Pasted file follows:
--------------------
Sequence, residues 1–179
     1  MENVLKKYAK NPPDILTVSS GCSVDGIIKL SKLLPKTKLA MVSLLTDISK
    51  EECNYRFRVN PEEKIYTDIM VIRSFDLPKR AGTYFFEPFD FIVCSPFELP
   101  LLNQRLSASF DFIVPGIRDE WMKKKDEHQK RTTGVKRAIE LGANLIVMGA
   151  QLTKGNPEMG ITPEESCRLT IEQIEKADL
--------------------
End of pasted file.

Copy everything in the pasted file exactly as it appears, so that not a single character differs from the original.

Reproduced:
Sequence, residues 1–179
     1  MENVLKKYAK NPPDILTVSS GCSVDGIIKL SKLLPKTKLA MVSLLTDISK
    51  EECNYRFRVN PEEKIYTDIM VIRSFDLPKR AGTYFFEPFD FIVCSPFELP
   101  LLNQRLSASF DFIVPGIRDE WMKKKDEHQK RTTGVKRAIE LGANLIVMGA
   151  QLTKGNPEMG ITPEESCRLT IEQIEKADL